Search And Seizure Defense
Have you experienced the seizure of illegal contraband or contents from your automobile or home? Search and seizure involves police officers or other authorities and other agents conducting a search of your property and confiscating property that is relevant to the crime.
The case of United States v. Jacobsen went on to describe what a search and seizure is with specificity. The case held a search occurs when an expectation of privacy that society is prepared to consider reasonable is infringed and a seizure of property occurs where there is some meaningful interference with an individual’s possessory interest in that property. Article IV of the United States Constitution provides protection against unreasonable search and seizures. The aim of the Constitution is to protect against arbitrary and oppressive interference by law enforcement. Evidence that is obtained through an illegal search is not admissible in court.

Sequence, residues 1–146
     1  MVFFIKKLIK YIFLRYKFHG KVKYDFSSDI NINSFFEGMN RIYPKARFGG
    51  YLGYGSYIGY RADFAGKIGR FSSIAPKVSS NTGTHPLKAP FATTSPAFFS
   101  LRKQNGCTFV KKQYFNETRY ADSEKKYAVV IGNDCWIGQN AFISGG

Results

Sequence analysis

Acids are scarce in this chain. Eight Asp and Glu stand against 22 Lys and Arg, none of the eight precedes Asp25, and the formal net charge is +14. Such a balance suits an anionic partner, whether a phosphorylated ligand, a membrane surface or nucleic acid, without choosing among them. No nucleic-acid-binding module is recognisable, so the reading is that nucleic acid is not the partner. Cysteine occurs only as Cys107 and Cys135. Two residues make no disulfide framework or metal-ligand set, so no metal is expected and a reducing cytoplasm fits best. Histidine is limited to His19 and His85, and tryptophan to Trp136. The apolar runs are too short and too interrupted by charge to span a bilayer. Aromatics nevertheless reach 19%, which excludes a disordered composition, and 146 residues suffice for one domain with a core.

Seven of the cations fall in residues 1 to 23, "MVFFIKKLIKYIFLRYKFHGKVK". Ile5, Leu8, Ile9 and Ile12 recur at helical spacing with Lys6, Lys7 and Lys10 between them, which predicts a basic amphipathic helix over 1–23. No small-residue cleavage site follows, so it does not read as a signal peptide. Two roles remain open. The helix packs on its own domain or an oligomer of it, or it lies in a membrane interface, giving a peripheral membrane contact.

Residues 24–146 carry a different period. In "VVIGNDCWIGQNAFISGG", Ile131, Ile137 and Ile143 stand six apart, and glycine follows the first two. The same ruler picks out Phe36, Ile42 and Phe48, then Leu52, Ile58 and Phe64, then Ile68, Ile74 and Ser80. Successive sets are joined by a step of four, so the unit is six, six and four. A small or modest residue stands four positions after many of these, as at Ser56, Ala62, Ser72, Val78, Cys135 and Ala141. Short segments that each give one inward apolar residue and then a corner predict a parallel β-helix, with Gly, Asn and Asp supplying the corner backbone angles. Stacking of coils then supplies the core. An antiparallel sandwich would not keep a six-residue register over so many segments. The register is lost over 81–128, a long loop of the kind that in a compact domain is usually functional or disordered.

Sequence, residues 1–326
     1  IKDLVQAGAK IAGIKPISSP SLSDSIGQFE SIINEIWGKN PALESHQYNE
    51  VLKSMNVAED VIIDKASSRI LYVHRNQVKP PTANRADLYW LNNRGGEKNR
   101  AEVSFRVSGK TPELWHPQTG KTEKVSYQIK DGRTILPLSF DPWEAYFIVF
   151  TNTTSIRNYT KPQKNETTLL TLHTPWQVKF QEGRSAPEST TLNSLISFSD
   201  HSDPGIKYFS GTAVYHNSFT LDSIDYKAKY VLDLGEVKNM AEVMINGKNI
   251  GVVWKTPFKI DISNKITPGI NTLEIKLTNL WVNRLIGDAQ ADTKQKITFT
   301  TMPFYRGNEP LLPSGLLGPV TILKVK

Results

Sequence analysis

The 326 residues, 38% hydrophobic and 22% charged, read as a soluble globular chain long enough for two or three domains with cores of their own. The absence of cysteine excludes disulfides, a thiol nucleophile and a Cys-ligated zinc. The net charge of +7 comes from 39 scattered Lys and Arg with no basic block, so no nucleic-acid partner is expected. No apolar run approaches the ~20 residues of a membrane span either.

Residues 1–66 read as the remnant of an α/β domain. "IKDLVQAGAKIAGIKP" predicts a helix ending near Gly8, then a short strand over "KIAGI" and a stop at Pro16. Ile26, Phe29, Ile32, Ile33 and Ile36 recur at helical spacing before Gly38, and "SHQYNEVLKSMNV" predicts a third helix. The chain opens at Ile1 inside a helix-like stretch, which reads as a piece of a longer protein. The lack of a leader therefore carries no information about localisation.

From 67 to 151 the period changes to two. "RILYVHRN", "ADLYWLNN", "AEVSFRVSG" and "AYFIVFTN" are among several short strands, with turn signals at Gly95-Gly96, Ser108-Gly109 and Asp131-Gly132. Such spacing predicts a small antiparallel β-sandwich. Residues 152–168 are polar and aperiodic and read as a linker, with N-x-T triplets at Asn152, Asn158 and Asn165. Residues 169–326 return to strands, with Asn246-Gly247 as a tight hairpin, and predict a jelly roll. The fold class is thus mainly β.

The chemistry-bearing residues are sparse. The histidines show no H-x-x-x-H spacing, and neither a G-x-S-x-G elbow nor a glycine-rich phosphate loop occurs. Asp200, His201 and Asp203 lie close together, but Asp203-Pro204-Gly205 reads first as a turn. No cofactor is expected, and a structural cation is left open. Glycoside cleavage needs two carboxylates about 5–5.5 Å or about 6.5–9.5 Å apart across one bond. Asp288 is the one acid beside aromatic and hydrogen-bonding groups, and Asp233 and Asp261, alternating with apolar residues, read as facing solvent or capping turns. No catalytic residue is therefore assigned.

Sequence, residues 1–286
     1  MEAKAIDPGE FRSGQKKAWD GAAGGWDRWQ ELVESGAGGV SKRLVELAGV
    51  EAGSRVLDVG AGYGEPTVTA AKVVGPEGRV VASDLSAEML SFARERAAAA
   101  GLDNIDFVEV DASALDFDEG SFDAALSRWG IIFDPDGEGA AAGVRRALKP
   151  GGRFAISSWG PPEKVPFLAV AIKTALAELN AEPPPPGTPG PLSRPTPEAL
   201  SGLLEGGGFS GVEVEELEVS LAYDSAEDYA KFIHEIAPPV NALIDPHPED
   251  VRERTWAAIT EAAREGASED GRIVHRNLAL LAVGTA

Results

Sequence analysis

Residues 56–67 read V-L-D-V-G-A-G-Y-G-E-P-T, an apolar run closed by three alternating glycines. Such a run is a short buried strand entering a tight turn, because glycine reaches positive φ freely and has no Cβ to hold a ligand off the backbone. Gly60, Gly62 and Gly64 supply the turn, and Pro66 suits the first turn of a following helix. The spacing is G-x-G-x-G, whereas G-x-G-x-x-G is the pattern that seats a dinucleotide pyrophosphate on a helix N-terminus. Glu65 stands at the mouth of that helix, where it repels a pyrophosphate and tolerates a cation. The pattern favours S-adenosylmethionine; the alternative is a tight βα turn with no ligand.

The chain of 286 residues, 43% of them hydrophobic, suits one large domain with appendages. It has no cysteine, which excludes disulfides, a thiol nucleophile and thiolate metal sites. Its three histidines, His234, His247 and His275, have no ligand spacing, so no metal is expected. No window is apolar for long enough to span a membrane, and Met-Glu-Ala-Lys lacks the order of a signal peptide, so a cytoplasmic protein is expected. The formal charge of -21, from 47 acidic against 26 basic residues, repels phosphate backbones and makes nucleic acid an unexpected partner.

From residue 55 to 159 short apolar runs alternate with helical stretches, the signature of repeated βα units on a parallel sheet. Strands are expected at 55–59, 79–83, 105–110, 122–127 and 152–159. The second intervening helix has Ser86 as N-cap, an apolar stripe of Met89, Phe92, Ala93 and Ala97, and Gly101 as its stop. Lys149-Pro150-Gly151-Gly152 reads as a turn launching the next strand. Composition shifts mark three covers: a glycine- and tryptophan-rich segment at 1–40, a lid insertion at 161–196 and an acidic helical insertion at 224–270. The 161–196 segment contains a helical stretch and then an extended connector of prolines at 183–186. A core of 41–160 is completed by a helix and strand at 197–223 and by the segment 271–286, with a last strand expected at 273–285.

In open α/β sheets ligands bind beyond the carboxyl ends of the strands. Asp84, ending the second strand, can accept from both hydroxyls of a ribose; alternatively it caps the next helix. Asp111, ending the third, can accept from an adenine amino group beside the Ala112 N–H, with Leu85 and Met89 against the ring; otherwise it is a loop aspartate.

The court will look at the scope of the search and the manner in which it was conducted to determine whether the search and seizure was proper. Generally, a warrant is required to conduct a search and seizure. However, there are many exceptions to this rule and one in particular deals with automobile searches and seizures. For automobile searches, a warrant is not required but the law still requires that probable cause exist to justify a search and seizure.
Law enforcement is aware that many civilians are not aware of their legal rights. Therefore, they may conduct an illegal search and obtain evidence even without probable cause simply because you don’t object to the search. However, the court will throw out any evidence that is obtained in an illegal search.
If you have experienced the seizure of illegal contraband or contents from your vehicle or home you may be able to have the evidence suppressed based on the illegality of the search. If the evidence is thrown out, you may escape jail time.